In time for the American Thanksgiving holiday, the BBC posts a dire report from New York City. It makes you wonder what all those people should be thankful for. Obviously many dispensers of charity will say they or the god that inspires them should be thanked, but providing a meal on one day out of 365 seems a small occasion for the kind of gratitude that some people consider their right.
The concept of a Thanksgiving Day as an occasion for general gratitude to God for general generosity toward the United States has, dare I say thankfully, been superseded by a more secular sense of thankfulness toward family members on a day of reunions. The older concept seemed to put people under a sense of obligation, first to thank God and then to repay him with obedience. It's the same mentality that makes conservatives prefer charity to entitlement. The secular holiday is mostly harmless, depending on each family, but for those without families, or for families without resources, the only options are doing without or accepting charity and its accompanying shame. It should be an occasion for national shame that more people turn to charity this year.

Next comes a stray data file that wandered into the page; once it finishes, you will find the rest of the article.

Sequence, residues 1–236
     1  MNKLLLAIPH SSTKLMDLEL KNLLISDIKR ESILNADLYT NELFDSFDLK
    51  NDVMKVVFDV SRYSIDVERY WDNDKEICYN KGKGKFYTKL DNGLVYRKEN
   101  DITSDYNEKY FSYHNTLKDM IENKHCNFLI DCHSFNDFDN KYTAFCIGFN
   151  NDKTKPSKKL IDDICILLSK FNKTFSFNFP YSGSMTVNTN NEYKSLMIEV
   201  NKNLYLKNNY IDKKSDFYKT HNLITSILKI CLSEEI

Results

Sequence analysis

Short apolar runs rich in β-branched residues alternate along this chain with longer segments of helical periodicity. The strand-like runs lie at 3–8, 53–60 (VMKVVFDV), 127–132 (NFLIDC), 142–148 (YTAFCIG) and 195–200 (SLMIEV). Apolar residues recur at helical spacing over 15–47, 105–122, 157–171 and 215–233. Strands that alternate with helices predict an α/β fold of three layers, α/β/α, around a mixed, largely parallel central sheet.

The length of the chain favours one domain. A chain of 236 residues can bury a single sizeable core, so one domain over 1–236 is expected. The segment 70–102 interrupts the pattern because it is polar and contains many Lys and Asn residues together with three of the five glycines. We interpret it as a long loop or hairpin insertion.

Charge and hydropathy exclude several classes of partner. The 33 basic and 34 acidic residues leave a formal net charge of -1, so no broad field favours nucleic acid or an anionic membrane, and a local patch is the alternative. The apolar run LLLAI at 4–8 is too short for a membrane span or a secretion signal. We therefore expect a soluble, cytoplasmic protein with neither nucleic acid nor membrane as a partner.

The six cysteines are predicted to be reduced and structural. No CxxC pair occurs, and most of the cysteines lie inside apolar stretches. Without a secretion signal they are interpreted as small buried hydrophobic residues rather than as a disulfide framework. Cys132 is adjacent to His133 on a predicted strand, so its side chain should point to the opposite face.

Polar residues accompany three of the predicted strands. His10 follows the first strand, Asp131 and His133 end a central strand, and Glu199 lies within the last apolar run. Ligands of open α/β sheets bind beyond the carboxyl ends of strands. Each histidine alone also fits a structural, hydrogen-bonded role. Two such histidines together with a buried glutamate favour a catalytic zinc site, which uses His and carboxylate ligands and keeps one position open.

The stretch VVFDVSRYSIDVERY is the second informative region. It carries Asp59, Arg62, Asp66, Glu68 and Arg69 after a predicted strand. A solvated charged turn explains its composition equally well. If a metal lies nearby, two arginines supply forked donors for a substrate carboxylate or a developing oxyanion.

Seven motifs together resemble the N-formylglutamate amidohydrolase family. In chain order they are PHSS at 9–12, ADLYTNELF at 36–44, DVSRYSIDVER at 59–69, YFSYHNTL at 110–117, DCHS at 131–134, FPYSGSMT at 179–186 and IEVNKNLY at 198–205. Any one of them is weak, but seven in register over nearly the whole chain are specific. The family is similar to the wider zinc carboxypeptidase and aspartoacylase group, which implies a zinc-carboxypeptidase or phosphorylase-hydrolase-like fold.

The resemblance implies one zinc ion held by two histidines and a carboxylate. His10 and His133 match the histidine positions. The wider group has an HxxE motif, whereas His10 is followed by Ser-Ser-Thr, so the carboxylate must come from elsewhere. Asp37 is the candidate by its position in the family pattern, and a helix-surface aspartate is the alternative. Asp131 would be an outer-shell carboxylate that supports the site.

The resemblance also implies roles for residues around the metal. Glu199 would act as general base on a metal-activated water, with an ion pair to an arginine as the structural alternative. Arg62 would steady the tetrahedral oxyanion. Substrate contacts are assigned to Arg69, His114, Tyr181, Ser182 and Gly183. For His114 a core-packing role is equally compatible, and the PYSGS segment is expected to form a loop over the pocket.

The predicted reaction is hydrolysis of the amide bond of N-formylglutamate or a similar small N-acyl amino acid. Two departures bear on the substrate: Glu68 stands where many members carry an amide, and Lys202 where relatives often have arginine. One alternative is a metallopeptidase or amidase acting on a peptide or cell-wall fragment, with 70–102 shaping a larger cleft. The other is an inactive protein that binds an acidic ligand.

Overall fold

Not all charitable givers of dinners tomorrow are vainglorious conservatives. Many have a stronger sense of social justice, but we have to wonder, without gainsaying anyone their Thanksgiving dinners, whether their energies wouldn't be better expended toward ensuring that everyone can eat a decent meal on a regular basis. If people head home from a charity dinner feeling a sense of obligation, it shouldn't be an indebtedness to the people who feed them, but a sense that the country has got to change.